So as a digital photographer, if you think Zone System what should spring to mind?

  • Consideration of your exposure
  • Awareness of the tones and dynamic range in your impending image, would bracketing for post processing be useful?
  • Evaluation of accessories that could help, such as filters or fill flash

Above all, don’t allow your camera to fool you. There are many instances where extreme difference in lighting in one shot will cause your camera metering to throw out completely incorrect exposure unless you take control. Once you have the ability to look at your potential shot and divide it into different zones you are ahead of the game and more likely to capture what you want. Generally speaking, for digital photographers, concentration should be on zones III (3) through VII (7). The darkest part of your proposed composition falls into zone III while the lightest would fall into zone VII. The natural tendency is to aim for the area with average reflectance, hence collecting the optimum meter reading. It is then up to you whether to over or under expose from there.


Often, we find ourselves in a situation where our proposed image has too much contrast so we have to think about what we are looking for. I am referring to high dynamic range. It may be that bracketing is in order for some serious post-processing, or we can make a decision as we acquire the image. I would vote for protecting your highlights most of the time, unless they are not the focus of the image. Photography is always a choice, and rules are made to be broken, but the key is to know when you are breaking the rules. There are many happy mistakes, but how hard is it to go back and capture that same mistake once more?

Remember, the purely technical base of the Zone System is no longer what it was in Ansel’s day, but we can take valuable lessons from the premise. It is true that the exposure latitude is different depending upon your format. I repeat that I am writing this for the digital photographer and not those of you ensconced in the world of large format sheet film or even 35 mm film. There are many bloggers out there who deal with tonal response with respect to different formats. For those of you using film, I would highly recommend a great blog by Johnny Patience, entitled The Zone System is Dead. His blogs are always thought provoking and, as a photographer, I thoroughly enjoy his work.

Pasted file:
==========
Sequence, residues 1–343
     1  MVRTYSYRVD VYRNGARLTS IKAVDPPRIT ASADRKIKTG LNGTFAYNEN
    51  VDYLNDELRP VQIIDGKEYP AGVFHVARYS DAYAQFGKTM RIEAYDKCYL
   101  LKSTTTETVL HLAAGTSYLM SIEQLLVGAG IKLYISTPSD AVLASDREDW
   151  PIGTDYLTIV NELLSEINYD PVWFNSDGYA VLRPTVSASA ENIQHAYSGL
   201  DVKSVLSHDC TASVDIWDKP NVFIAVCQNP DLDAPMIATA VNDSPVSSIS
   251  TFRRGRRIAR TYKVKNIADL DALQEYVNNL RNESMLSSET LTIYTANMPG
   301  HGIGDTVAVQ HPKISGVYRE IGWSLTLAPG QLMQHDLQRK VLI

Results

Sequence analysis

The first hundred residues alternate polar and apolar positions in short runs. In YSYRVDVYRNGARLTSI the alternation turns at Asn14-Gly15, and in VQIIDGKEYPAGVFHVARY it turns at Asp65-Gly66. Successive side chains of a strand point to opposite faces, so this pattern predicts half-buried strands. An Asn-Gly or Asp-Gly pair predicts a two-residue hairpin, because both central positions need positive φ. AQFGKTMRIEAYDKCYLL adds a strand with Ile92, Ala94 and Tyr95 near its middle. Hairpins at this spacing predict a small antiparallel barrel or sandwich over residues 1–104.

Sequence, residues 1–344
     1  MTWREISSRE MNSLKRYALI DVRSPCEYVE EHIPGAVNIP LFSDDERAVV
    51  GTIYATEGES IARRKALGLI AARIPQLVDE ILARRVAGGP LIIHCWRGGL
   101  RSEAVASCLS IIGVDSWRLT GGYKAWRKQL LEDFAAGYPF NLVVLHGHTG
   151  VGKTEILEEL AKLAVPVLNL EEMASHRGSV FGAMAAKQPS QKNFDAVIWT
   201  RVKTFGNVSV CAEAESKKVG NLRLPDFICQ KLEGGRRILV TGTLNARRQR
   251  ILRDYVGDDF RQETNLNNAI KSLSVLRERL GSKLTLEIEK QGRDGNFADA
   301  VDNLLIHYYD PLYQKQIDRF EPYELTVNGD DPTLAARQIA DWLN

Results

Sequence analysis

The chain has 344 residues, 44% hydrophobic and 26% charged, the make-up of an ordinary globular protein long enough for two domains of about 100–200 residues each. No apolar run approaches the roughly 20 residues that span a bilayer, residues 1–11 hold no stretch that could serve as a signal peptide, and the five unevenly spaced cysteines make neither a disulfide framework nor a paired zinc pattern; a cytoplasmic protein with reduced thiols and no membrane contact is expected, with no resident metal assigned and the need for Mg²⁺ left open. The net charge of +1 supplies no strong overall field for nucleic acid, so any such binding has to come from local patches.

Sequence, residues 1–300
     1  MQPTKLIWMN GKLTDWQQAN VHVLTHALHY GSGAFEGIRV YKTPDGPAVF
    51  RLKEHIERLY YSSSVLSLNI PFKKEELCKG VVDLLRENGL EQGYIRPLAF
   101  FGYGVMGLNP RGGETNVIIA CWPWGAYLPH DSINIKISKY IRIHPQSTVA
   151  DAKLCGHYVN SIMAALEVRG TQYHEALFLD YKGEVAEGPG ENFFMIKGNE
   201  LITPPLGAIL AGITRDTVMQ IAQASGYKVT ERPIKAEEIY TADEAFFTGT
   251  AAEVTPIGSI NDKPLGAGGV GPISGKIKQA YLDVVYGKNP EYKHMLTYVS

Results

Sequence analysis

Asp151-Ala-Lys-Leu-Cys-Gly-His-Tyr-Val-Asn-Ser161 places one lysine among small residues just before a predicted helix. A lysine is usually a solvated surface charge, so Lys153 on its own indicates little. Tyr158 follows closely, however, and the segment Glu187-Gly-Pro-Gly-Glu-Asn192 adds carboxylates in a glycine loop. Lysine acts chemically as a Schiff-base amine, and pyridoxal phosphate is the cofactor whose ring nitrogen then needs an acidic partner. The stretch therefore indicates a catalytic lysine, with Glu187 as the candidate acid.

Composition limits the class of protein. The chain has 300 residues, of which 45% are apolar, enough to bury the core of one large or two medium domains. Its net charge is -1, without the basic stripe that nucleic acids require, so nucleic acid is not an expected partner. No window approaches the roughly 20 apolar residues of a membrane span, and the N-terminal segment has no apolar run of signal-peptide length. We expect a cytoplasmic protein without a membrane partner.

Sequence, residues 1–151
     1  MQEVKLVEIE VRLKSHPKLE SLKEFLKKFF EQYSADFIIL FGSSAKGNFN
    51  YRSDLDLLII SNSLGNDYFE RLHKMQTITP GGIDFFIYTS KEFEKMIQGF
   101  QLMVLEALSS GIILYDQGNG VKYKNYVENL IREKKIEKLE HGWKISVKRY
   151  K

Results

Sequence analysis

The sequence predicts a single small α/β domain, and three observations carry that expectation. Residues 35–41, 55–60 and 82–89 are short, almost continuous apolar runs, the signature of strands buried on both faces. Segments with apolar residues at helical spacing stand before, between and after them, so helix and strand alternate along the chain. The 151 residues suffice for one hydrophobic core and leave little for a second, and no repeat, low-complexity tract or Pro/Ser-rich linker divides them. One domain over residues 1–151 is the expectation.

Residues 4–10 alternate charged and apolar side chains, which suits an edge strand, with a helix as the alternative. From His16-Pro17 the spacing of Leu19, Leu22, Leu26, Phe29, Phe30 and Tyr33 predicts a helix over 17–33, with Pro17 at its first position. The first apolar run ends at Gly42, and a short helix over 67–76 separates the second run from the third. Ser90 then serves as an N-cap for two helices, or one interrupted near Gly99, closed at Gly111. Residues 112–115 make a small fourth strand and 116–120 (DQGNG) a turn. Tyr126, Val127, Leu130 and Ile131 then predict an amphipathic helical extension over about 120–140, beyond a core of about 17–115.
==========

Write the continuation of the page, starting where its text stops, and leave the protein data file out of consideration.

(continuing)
A closing thought concerning Ansel Adams. While on my journey to attempt to recreate something akin to his amazing work, I became enthralled with infrared photography. I found, of course, that much of what I have referred to above needed to be manipulated in post-production, but if any of you are interested, I am happy to chat with you about working with a converted camera. I have a few blogs posted on the Life Pixel site, and have included a couple of images below. It goes without saying that I could not capture any of these images without my tried and trusted tripods from Really Right Stuff!


Abbe is Creative Director for a forensic animation company in Northern California. She has been a professional photographer for over 15 years and has taught corporate groups and individuals in the art of still photography. She also teaches drone photography classes at Maine Media Workshops + College, as well as Madeline Island School of the Arts. She is a private pilot and an advocate for the safe use of drones in her current work environment and also as a new and unique form of creative expression.